Back to the Future: New Study of Freshman Admissions at UC

Tuesday, April 29, 2014
12noon - 1:30pm
240 Bechtel Engineering Center (map)
Saul Geiser
Research Associate
The past five years have seen unprecedented changes in freshman admissions at the University of California, reflecting the steep cuts in state funding that UC sustained during that period.  The number of California applicants who were not admitted to the UC system more than doubled between 2010 and 2012, although part of that increase also reflected a change in admissions policies and procedures.  The number of “no shows” – applicants who were admitted but did not attend – increased sharply and for the first time exceeded the number of admits who enrolled at UC.  Most troubling, UC’s “participation rate” – the percentage of California high school graduates who entered UC as freshmen, a key indicator of college access – fell to its lowest level in three decades.  It appears the university may be nearing a pivotal moment in its “social contract” with the people and State of California.   The present study is based on a sample of 1,144,047 California high school graduates who applied for freshman admission at UC between 1994 and 2011; the sample data are augmented, wherever possible, with published data for the 2012 admissions cycle as well.  The study traces the impact of both internal and external factors on UC admissions, including the introduction of multiple filing, changes in university policies on eligibility and admissions, and the long-term decline in state funding for UC that accelerated precipitously with the 2009 recession.  The paper concludes with policy commentary and proposals.  The funding model that has driven UC’s growth since the advent of the 1960 Master Plan for Higher Education is broken, and a new model is needed if the university is to renew its social contract with California.  In seeking a new funding model, however, the traditional Master Plan construct of eligibility for admission to UC remains as relevant today as it was in 1960 as a foundation upon which to rebuild.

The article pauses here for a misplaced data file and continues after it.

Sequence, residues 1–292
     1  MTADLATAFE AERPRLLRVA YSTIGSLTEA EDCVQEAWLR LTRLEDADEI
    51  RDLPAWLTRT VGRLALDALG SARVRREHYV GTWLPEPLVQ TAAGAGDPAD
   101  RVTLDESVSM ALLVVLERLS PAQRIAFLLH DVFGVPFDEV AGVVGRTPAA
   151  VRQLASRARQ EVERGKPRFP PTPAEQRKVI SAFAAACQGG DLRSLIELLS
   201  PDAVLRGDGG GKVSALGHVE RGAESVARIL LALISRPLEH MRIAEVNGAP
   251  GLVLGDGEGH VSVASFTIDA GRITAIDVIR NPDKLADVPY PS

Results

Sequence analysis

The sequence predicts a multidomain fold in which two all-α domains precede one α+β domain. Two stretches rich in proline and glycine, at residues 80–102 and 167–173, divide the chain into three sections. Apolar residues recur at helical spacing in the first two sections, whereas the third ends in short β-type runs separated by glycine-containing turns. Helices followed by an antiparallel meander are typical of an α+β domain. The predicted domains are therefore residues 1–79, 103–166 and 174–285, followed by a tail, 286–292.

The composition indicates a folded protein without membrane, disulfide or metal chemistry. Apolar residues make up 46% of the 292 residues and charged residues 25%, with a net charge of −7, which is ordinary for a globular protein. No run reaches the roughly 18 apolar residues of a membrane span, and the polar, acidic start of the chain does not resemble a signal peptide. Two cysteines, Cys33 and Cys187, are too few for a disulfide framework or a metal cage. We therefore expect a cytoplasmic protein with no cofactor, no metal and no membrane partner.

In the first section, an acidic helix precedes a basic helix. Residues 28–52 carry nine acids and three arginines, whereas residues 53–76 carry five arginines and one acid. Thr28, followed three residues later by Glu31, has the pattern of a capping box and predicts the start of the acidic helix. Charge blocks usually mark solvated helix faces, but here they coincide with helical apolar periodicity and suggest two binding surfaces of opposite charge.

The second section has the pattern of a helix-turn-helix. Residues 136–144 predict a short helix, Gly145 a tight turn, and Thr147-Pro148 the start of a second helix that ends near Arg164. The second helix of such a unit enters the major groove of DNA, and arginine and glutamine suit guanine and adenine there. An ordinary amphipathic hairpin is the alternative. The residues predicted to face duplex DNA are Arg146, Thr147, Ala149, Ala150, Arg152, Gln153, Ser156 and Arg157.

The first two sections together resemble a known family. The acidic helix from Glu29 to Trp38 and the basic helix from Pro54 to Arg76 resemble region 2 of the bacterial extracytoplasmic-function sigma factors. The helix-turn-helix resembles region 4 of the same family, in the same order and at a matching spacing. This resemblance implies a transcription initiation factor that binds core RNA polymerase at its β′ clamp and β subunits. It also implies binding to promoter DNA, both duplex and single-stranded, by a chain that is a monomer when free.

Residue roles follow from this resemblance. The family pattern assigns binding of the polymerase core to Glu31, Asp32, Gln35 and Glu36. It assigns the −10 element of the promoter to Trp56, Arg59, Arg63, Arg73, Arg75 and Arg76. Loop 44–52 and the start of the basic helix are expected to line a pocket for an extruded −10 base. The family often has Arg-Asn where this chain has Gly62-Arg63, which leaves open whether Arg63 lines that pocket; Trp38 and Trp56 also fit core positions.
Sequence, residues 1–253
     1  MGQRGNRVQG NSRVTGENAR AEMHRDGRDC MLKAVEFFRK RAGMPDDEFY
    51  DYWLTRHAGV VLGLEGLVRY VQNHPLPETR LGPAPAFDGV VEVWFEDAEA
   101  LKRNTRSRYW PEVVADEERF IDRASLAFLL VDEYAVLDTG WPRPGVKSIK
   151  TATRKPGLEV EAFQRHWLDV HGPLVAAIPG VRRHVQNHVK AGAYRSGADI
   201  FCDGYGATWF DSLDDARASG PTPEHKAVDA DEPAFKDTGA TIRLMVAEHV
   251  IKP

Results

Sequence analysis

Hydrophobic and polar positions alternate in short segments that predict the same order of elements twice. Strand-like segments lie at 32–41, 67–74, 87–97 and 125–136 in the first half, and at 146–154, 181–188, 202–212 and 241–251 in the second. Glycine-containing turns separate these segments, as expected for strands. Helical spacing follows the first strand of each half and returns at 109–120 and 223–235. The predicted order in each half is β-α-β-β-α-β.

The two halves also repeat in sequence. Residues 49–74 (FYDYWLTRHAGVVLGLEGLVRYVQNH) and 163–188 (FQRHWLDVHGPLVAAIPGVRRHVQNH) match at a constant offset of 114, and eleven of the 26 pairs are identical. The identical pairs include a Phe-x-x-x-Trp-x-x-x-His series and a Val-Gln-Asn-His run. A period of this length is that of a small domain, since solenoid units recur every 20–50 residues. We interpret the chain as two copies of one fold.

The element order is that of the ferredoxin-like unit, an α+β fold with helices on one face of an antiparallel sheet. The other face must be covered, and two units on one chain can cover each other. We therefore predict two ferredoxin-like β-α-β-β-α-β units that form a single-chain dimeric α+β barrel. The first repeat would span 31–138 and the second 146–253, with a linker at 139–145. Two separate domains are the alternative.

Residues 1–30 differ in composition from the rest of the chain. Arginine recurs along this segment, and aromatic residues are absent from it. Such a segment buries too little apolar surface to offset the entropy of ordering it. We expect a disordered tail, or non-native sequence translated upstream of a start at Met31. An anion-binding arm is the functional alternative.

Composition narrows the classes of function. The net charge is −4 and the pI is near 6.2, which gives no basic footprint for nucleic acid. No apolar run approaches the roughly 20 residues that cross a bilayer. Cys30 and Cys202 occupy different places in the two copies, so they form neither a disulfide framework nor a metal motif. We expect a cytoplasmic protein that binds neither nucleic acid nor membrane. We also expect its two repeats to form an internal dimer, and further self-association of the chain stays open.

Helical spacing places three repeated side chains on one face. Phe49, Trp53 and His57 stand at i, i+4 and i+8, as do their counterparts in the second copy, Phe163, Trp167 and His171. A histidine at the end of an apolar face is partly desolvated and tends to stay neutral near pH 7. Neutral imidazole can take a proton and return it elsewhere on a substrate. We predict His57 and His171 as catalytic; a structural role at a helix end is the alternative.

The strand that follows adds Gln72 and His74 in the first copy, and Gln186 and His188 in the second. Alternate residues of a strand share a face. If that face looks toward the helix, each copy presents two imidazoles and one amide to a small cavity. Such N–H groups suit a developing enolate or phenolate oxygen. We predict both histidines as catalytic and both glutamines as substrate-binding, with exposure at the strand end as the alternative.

Click here to read related ROPS paper BACK TO THE FUTURE: Freshman Admissions at the University of California, 1994 to the Present and Beyond by Saul Geiser CSHE.4.14 (April 2014)


Saul Geiser is a research associate at the Center for Studies in Higher Education at the University of California, Berkeley. He received his Ph.D. in sociology from UC Berkeley and taught there before joining UC’s Office of the President in 1981.  Geiser served as director of admissions research for the UC system after Californians voted to end affirmative action in 1996, and he helped redesign UC admissions policy.  His work has focused on issues of equity and predictive validity in college admissions, with the aim of identifying admissions criteria that have less adverse impact on low-income and minority applicants while remaining valid indicators of student performance in college. Geiser's research on achievement testing has been influential in the College Board's decision to revise the SAT in the direction of a more curriculum-based test. His work has contributed to the development of a number of new admissions policies, including UC's policy on Eligibility in the Local Context, which guaranteed admission to the top four percent (and now top nine percent) of students in each California high school.  In addition to admissions research, Geiser directed the evaluation of UC's outreach programs to disadvantaged students and schools in California.